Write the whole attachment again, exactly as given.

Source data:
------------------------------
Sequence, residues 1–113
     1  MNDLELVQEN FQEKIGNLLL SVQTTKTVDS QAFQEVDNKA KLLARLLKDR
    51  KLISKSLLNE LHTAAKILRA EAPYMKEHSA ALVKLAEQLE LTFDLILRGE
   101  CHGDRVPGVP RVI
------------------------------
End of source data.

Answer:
Sequence, residues 1–113
     1  MNDLELVQEN FQEKIGNLLL SVQTTKTVDS QAFQEVDNKA KLLARLLKDR
    51  KLISKSLLNE LHTAAKILRA EAPYMKEHSA ALVKLAEQLE LTFDLILRGE
   101  CHGDRVPGVP RVI